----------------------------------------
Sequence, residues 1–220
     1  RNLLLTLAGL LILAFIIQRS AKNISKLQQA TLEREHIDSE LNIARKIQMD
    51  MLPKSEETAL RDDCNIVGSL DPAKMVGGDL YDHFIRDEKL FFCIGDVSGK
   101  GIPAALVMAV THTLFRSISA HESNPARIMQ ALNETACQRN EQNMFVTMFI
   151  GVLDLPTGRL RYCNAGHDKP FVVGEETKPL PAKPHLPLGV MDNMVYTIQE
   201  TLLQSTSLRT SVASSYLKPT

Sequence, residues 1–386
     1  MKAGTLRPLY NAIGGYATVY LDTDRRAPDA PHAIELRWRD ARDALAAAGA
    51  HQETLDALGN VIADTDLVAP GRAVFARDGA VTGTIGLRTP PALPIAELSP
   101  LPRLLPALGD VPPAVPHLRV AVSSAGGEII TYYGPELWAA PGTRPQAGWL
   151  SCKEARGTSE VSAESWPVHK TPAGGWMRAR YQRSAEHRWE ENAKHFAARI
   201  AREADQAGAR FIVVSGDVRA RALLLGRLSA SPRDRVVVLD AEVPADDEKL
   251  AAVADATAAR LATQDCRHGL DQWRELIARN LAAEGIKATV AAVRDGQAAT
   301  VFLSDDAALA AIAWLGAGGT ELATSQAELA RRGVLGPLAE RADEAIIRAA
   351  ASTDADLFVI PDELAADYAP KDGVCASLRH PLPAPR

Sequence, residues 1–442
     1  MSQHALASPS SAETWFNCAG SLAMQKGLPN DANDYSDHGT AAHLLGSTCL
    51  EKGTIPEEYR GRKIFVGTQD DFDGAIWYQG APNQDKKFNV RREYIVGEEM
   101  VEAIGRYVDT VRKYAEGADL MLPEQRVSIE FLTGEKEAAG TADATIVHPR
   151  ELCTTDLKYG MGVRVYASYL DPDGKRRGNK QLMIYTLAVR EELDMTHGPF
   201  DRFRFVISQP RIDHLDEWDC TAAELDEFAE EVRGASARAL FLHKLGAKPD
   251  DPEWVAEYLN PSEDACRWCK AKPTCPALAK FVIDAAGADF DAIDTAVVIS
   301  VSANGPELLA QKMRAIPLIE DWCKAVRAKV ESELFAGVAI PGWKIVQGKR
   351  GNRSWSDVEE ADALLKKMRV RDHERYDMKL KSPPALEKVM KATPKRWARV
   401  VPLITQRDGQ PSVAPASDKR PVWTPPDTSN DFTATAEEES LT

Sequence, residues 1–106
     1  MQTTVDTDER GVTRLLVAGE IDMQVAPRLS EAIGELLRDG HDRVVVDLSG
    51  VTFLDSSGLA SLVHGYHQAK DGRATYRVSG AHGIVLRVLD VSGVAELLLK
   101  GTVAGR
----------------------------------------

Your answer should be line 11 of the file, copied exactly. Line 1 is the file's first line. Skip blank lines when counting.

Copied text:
   151  SCKEARGTSE VSAESWPVHK TPAGGWMRAR YQRSAEHRWE ENAKHFAARI